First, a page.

California is a leading contributor to the agricultural activity in the United States and home to the greatest share of the nation’s population, 95% of which lives in highly irrigated urban areas where irrigation can account for more than 50% of municipal water consumption. In addition to the implications of climate change for state’s water resources, climate change is feared to increase water demands and therefore push California’s water supply-demand imbalance to levels beyond the range of past experiences.
Many past climate modeling studies support the notion that rising atmospheric temperatures have and will continue to lead to increases in moisture-holding capacity of the atmosphere, which in-turn lead to higher evapotranspiration (ET) rates and water demands. However, there are also reports of observed decreasing trends in ET across the globe during the first decade of 21st century. In this study we target this contradiction and quantify the impacts of rising atmospheric temperatures (under midcentury RCP4.5 and 8.5) on ET and irrigation water demand in agricultural and urban areas across California using a high-resolution regional climate model and realistic representation of irrigation processes.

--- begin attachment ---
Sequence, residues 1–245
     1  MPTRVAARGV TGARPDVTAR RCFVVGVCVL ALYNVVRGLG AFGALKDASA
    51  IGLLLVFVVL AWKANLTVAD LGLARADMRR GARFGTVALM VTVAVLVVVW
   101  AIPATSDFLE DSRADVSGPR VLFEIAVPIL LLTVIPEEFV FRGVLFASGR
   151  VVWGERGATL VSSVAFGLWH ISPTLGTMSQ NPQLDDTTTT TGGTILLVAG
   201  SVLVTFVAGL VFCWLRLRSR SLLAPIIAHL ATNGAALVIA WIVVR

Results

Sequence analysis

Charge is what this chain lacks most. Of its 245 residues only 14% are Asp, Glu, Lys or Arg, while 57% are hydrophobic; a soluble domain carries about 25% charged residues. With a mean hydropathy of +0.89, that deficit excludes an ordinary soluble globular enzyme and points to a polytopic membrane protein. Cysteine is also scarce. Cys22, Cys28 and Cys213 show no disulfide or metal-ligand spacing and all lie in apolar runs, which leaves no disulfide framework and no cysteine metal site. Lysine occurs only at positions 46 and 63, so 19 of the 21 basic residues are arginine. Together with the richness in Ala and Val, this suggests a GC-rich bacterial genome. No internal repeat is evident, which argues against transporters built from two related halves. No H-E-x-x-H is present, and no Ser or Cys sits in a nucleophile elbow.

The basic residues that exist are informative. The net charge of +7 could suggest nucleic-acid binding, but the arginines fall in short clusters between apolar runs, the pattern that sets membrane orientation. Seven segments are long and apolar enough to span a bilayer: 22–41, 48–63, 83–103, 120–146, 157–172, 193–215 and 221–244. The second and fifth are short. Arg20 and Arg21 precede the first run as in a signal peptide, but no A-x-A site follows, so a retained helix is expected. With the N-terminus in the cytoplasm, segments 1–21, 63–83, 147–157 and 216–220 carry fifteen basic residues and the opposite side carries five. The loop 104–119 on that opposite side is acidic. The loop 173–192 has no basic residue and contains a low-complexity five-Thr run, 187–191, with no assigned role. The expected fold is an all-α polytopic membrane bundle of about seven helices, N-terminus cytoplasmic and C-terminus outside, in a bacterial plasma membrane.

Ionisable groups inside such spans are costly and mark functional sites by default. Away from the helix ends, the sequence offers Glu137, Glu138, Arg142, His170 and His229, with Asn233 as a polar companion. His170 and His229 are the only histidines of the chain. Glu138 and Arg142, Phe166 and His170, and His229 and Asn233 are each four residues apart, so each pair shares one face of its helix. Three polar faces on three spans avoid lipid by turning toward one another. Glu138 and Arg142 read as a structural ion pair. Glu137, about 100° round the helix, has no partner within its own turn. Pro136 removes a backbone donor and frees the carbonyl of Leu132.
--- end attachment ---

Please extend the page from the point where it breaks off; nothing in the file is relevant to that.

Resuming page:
We attribute mid-century ET changes to different forcing factors in the Penman–Monteith equation and show that higher temperatures and vapor pressure deficit trigger a vegetation response through increases stomatal resistance, that can significantly offset increasing atmospheric evaporative water demands. We further assess the implications of heat mitigation measures (i.e., cool roofs) for evaporative water demand in cities, contextualizing the local and global drivers of irrigation water demand in cities.